Last Thursday morning I stopped in at the Jake Fisher Bash, an annual event hosted by the University of Missouri Delta Center and held in Rone Exhibition Hall. It is also sometimes billed as the Delta Center Field Day.
As always there's a little politicking going on, good food, networking between ag producers (formerly known as farmers) and suppliers, and an opportunity for the scientists at the Delta Center to share innovations in crop production.
Local folks were well represented and that's no surprise given the support from around southeast Missouri for the efforts of the center.
James Shannon provided the invocation. A more proper salutation would be Dr. J Grover Shannon, Ph. D. Local folks get to call him Grover. An acknowledged expert in soybean production Grover's stop on the farm tour included a discussion of new soybean varieties. He was particularly pleased to have a group of high school students (future farmers?) as part of the tour.
Judith Haggard, chairwoman of the University of Missouri's Board of Curators, followed her husband, David, chairman of the center's advisory committee, to the podium and delivered an opening speech. A portion of her time included a video of various types of research taking place within the university's statewide system. Local folks get to call her Judy.
Another portion of her talk was about the university's funding, a challenging proposition to be sure.
Dr. Ken Dobbins, president of Southeast Missouri State University, and I had a similar discussion just about 30 minutes prior to hearing Judy's remarks. While the numbers have not yet been set for the next fiscal budget it is fairly certain more cuts from the state are coming. In Southeast's case, it could be as much as $6 million.
That's particularly daunting when you consider the pledge to Gov. Jay Nixon from the state's institutions of higher education not to raise tuition. Over the past couple of years colleges and universities have worked at cutting expenses. Some of those have been difficult calls to make and not without pain. The trick now is to drive revenue and hold costs.
One way Dr. Dobbins said Southeast is doing so is by raising class size from 21 to 26 students. He believes they can do that without dramatically raising the costs of delivering education to those additional 5-6 students.
He said the university is going to look at how it delivers information to the students.
"Just because I've stood up here and lectured for 30 years doesn't mean that's the best way to do it now," he said. "Just because we have 26 or 27 students in a class doesn't mean they will all be in a classroom all the time." I suppose one might think of that as re-educating the educators.
It's innovative thinking like that, taking advantage of current and emerging technology, that shows up in such independent rankings as the U.S. News rankings that indicatet Southeast as being one of the better values when it comes to a college education. The report is published in the magazine's Aug 31 issue.
I also got a little good news at the breakfast from our host.
Jake told me he has instructed his wife, Shelley, to box up all of his ties once he retires and ship them to me. That's quite a bonanza and anyone who has seen Jake all dressed up knows he has quite an assortment of really nice, pretty ties. For the record, though, I'm not in any hurry to receive those ties.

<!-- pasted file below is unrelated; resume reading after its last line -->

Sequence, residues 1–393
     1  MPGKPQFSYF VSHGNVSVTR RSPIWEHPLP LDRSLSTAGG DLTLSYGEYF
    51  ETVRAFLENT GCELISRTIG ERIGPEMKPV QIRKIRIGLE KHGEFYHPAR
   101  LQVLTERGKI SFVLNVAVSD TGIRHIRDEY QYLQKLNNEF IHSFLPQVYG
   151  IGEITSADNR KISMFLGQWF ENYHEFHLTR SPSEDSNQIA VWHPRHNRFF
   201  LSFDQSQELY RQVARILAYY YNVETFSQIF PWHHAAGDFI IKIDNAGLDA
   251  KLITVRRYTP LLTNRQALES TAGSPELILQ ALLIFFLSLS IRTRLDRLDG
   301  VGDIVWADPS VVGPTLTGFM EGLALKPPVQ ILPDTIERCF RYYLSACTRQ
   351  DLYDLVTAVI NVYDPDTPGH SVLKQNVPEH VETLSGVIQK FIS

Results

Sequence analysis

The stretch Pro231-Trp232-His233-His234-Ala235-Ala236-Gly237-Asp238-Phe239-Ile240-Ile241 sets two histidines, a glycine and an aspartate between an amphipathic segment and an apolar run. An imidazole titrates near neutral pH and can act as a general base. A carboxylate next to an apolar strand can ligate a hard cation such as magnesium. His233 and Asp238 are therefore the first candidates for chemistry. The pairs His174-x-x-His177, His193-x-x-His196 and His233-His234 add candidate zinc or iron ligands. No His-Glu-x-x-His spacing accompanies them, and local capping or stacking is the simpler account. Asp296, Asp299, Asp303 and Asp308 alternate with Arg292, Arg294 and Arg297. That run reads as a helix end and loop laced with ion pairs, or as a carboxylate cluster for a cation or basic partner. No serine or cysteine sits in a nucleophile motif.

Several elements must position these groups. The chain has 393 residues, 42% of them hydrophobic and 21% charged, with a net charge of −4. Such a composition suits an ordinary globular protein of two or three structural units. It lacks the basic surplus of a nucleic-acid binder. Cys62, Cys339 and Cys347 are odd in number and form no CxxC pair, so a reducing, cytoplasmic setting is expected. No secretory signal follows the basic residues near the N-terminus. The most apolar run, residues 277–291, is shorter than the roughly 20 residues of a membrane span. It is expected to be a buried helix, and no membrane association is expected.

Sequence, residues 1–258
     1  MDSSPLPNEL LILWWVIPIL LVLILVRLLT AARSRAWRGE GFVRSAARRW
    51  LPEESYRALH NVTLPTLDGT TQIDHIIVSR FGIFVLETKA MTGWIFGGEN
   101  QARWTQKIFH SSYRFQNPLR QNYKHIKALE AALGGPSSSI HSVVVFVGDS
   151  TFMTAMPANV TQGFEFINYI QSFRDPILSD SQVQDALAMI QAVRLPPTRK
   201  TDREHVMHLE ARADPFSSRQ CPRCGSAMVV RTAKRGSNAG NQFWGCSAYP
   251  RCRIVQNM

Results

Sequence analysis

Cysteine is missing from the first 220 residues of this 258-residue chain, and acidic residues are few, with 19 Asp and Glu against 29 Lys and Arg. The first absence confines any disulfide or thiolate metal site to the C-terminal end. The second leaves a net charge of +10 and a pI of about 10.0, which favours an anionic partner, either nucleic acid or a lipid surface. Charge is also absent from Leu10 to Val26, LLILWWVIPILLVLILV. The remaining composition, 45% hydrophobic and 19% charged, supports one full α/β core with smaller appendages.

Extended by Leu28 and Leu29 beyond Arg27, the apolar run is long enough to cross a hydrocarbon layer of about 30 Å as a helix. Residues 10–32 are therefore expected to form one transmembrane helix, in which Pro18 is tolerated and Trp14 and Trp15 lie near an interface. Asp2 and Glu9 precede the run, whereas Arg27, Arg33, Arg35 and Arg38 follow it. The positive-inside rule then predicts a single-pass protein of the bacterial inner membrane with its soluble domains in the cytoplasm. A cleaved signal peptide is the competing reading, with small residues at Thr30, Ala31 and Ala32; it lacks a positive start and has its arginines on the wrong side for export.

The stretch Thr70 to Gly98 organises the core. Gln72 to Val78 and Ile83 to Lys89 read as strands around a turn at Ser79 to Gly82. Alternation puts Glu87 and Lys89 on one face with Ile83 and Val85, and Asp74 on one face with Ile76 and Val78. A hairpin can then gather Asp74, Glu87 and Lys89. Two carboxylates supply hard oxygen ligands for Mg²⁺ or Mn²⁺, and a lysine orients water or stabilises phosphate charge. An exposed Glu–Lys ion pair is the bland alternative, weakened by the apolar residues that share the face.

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Thanks to Rick and Cathy Bell for the rain last Sunday afternoon. They decided to wash their vehicles and brought us what we vaguely recall as rain. Maybe they'll do it again soon.
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Walt Jockety, former Cardinals general manager who basically lost out in a power struggle in St. Louis to current Cards GM, John Mozeliak, had no trouble finding another job. Baseball fans know he landed a similar role in Cincinnati as GM of the Reds.
Heading into the last six weeks of the season it looks like the advantage goes to Jockety. He's made all the right moves while Cards fans are left scratching their heads at what's going on with their team. Many are wondering if the Ryan Ludwick for Jake Westbrook trade will go down as one of the worst in team history. Another interesting note is the number of former, discarded, Cards on the Reds roster. If memory serves, I believe there are about six.
Do you think Jockety is a little motivated?
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More state fair news
"Entries from Kennett's widely-known purebred swine breeders, Jonesway Farms., apparently dominated the Duroc Show Monday at the Missouri State Fair in Sedalia.
"The fair reported a 'good show' for this breed, and said 'quality was pronounced excellent' by Westley Miller of Montpelier, Ohio and C.S. (Fete) Reid of Carrolton, Mo., who awarded the ribbons and supervised the department.
"Jonesway received three ribbons:
"- Jonesway Perfection was first in the Senior Yearling Boar Class and was Reserve Grand Champion.
"- Their Bright Night was first in the Age Board class.
"- Their senior yearling sow was first in her class and was Reserve Grand Champion.
"Their young gilts and young boars took several second and third premiums, to make a total of 15 ribbons won by Jonesway entries, which is understood to be more than any other herd brought home.
"Jonesway had an outstanding offer of about 20 hogs-possibly the largest showing of swine in the fair's history."
The DDD's unofficial, but much appreciated historian, Vivian Helton, sent that timely submission along from the pages of the Friday, Aug. 24, 1951 edition of the Twice-A-Week Dunklin Democrat.
Bud Hunt is
regional vice president,
publisher of the
Daily Dunklin Democrat, Daily Statesman, Delta News-Citizen, Missourian-News and
North Stoddard Countian.